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Biwa (was: YAC: ...)

From:Carlos Eugenio Thompson Pinzón <chlewey@...>
Date:Monday, October 30, 2000, 17:34
Daniel Andreasson skrev:

>If there is one thing to say about your langs, Carlos, >it is that your orthography is always so cool! You go >all the way. I wouldn't have the guts to do so. I'd >forget how it's pronounced in a sec. > >{ ýr } for /9Yr`/, { pov } for /pow/, etc. The most >beautiful word is { cij } for /ki/. I think I'll adopt >the { -ij } for words ending in [i] in Rinya. And I >might just change the palatal consonant { y } to { j } >as well, and save the { y } for the vowel. > >I was very impressed by your artistic reform of >English orthography, even though I didn't say anything >at the time.
Thank you.
> > Personal pronouns: (unnumbered, singular, dual, plural) > > Note that animates use nominative for the subject of > > intransitive verbs, while inanimates use absolute for > > the subjects of intransitive verbs. > >Aha. So you have a split-ergative lang. Where exactly is >the line drawn between animate and inanimate? > >Come to think of it, this is almost like an active / >split-S lang, since the split only applies to >intransitives, but with a very unusual reason for the >split; animate / inanimate. > >Could you clarify this system a bit further? It seems >really interesting.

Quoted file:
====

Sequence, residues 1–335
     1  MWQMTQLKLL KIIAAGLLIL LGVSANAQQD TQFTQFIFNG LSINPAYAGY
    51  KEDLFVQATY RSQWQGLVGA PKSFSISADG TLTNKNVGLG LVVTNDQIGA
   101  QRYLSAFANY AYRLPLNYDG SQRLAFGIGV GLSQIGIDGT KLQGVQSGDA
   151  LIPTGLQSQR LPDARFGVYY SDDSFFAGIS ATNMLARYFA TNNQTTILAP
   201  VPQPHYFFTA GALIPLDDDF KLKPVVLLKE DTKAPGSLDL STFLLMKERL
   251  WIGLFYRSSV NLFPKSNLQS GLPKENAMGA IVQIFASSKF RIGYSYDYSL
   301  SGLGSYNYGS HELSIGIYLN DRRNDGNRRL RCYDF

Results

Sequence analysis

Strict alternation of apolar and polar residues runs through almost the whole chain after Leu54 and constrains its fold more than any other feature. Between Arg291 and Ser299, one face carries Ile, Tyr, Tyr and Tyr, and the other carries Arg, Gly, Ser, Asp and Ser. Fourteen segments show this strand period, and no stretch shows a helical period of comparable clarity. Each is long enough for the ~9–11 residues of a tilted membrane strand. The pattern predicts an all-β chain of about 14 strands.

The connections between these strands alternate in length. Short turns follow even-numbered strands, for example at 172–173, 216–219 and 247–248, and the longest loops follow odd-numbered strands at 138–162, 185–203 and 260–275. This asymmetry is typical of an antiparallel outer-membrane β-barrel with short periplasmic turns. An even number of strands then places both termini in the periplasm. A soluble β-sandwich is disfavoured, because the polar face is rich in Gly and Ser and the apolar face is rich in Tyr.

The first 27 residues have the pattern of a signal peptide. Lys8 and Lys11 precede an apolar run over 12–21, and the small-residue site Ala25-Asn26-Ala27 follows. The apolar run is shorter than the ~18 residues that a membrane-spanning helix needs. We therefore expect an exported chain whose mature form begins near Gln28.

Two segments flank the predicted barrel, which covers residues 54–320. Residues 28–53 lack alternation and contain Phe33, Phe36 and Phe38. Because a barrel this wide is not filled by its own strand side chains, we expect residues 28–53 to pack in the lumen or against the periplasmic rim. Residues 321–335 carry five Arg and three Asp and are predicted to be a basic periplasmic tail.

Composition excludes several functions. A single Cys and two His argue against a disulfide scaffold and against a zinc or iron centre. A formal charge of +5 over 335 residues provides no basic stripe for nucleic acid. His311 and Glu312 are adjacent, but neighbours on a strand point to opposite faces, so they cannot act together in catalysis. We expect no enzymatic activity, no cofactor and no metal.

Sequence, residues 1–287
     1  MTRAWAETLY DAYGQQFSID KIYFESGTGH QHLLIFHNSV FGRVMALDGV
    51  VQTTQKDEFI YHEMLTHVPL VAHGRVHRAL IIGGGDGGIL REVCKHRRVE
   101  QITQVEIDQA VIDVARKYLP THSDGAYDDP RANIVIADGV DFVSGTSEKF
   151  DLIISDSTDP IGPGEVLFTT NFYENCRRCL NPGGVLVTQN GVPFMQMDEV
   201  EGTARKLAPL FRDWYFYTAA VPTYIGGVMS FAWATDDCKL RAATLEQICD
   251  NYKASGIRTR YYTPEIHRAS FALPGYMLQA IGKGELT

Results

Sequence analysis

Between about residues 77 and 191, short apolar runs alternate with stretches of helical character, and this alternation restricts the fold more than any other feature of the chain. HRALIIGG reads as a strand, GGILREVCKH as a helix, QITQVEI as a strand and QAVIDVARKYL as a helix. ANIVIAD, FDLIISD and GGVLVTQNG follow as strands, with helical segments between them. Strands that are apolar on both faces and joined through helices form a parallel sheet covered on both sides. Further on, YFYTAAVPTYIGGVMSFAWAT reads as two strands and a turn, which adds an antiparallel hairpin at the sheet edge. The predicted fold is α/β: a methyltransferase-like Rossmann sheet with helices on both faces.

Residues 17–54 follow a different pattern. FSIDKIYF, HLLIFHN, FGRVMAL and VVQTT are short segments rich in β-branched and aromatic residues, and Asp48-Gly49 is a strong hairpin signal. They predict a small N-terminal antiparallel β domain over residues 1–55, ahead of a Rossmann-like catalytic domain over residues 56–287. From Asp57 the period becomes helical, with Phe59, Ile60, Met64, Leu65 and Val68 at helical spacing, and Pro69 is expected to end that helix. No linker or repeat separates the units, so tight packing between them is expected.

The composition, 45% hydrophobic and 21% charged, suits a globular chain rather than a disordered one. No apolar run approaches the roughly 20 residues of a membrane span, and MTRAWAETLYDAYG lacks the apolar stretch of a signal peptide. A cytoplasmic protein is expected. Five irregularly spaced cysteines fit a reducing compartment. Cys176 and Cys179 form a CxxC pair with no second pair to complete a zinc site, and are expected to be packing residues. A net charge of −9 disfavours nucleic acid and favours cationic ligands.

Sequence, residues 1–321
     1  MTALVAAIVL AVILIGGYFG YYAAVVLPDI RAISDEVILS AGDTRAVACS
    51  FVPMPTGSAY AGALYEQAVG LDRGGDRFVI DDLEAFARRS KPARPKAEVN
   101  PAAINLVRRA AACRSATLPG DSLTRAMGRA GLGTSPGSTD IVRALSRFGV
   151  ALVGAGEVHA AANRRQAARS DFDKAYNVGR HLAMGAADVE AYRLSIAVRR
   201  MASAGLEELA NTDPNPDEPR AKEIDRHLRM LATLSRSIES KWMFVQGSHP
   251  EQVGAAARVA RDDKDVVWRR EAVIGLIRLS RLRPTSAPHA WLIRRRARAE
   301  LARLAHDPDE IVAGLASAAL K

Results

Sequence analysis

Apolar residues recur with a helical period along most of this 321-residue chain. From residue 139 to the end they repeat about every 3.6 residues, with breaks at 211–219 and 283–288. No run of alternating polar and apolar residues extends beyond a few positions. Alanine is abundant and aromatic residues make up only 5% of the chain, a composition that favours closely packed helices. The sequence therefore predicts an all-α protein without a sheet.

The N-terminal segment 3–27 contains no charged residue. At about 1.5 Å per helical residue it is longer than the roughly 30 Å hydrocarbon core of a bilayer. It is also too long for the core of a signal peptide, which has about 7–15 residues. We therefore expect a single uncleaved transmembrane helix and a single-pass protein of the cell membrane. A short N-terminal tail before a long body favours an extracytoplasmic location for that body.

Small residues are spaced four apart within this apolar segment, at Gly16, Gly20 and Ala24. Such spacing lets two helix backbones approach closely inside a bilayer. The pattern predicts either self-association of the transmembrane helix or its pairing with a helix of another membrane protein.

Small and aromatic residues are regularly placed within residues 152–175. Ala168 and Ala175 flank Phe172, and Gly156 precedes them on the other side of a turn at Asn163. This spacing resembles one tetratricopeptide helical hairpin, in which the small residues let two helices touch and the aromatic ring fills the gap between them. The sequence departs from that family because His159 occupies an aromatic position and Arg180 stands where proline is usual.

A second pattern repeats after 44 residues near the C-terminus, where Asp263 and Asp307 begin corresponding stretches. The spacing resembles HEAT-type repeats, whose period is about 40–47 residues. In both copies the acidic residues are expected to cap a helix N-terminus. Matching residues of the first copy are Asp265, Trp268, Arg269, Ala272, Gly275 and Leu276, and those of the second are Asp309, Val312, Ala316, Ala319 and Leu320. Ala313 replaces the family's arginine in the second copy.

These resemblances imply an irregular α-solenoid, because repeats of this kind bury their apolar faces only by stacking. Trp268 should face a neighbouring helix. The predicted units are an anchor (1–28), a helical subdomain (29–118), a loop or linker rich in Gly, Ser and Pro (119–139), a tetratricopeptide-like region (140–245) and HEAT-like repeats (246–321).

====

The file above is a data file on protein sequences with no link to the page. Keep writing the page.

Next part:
Even if I'm not assigning this language to any culture yet, it is designed as it has a history. Part of this history would be that it was originally an active language that became isolating, but pronouns still reflects the origin as active language with a split ergative. The line between animate and inanimate (real or neutral) could be defined by: - Humans are animate - High order animals are animate - Some low order anumals are animate - Groups of people are usually animate, at least if they had an identity: nations, corporations... - Gods, spirits and other such things are animate. - Most abstract concepts are neutral - Abstract nouns derived from verbs are neutral. - Concepts you would call "things", chances are they are real. - Some plants and fruits are real, other are neutral... a few are animate. - There are exceptions About the ortography, it also reflects a history, but some of the features would suggest a Latin origin, with {v} for /w/ and {c} for /k/. A posible evolution could lead into somthing like long/ short vowels evolving different. Well, I'll decide a temporal name for this language: Biwa, from {biva} /biw@/ "language", Biwa in English. Probably Old Biwa had long and short vowels: i i: y y: u u: e e: 2 2: o o: a a: but those vowels had different evolution: i -> 1 i: -> i: -> i y -> y y: -> 2:H -> 9Y e -> E e: -> e: -> e 2 -> 9 2: -> @\: -> @ a -> V a: -> A: -> A o -> O o: -> o:w -> ow u -> U u: -> }: -> } But history could have been different: probably there was only seven original vowels which were lengthened in open syllables, and then evolved as shown above... Something I had not mention yet is that in Modern Biwa, length patterns have changed, and checked vowels (1, y, E, 9, V, O, U) are long or semi-long before certain consonants such as lenis stops. /p/, /t/, /k/ vs /b/, /d/, /g/ are actually fortis vs lenis and not voiceless vs voiced. -- Carlos Th _________________________________________________________________________ Get Your Private, Free E-mail from MSN Hotmail at Share information about yourself, create your own public profile at